Beyond the Stop Sign
Stop Sign Ahead

One lone lupine stands watch over the neighborhood intersection, eyes on the red stop sign. That bright red sign stands for something and it never wavers, never droops, and does not bow down, even on the windiest of days. The lupine thinks,  “What power that red sign must have!”

Lupines are most fond of meadows and fields, parks and expanses of wildland. They like to stretch out, share the space and spread the blue. But this lupine, dear sweet thing, has planted itself on my street, and acts a sentinel to mindfulness  and hope. Where one lupine is, more may come.

The faith and endurance of a weed is never in question. A weed always takes a chance. A weed never looks back. A weed always stands proudly. Lupines have been with us for eons. They must be doing something right.  How much we can learn from this simple wonder of nature!

We and our weeds are so much more than what we first appear to be. Please come back again for a new “Weed Image of the Day” and let me know which ones you like. Even better, look down at the world that teems with life and meaning. It is right at your feet!

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3 Replies to “Lupine, Suburb Variety”

  1. My first thought was “Texas Bluebonnet”, which then took me on a short excursion across the pages of the internet, revealing that the Texas Bluebonnet is simply one strain of the Lupine flowering family introduced and cultivated in the early 1800’s by George Russell (1857-1951). The B. Landreth Seed Company Lupine information page tells me that Lupine was officially introduced to the Royal Horticultural Society in 1937. Their page also informed me that Lupine seeds must be scarified, (scratched by rock), in order to germinate, which is why they are often found near the mouth of drainage ditches, where both rocks and water are readily available.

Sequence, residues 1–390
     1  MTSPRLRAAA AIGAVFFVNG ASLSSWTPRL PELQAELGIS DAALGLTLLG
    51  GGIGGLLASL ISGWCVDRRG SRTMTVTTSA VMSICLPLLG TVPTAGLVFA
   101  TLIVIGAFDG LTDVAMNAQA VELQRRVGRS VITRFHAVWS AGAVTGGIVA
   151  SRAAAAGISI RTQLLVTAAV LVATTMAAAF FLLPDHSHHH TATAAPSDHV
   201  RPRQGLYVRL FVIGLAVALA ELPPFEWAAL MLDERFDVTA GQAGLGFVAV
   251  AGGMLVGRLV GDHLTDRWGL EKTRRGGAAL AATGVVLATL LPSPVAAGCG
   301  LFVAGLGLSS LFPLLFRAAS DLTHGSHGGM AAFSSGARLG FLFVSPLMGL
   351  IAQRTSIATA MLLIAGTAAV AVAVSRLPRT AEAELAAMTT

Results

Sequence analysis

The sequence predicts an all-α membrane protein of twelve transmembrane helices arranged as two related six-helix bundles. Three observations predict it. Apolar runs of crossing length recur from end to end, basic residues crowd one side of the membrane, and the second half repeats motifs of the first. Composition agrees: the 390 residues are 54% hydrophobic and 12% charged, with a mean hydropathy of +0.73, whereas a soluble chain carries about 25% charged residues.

Which doesn’t exactly explain how one ended up keeping watch over that red sign in your neighborhood. Nonetheless, it’s a beautiful weed, in a beautiful photo. And now I know a bit more about Lupine. 🙂

    info found here:

    1. Thank you NTexas! I also think of Texas Blue Bonnets when I see a lupine, but since there are so many varieties, and I don’t live in Texas, I do prefer the Lupine label. I’ve just learned that many lupines do not tolerate heat well, except for the Texas Bluebonnet variety. So, maybe I have a bit of Texas on my street after all!I also learned that some varieties have edible seeds, which may rival the nutritional properties of soybeans, special preparation is necessary. See more heer:

      1. Wow. That was a lot of “Lupins” information! Love it that the New World species for the Texas Bluebonnet is L.texensis Hook. Also love that various Lupine species have been around since ancient Egyptian times, and can be found all over the globe, with Australia, France, Chile, and the Soviet Union being just some of the places it is known to grow as a native species. South Africa, USA, Canada, New South Wales, Spain, Italy, Greece, Portugal, and Morocco are also on the list. Love a simple weed that can touch so many diverse cultures. One weed; lots of history. 🙂

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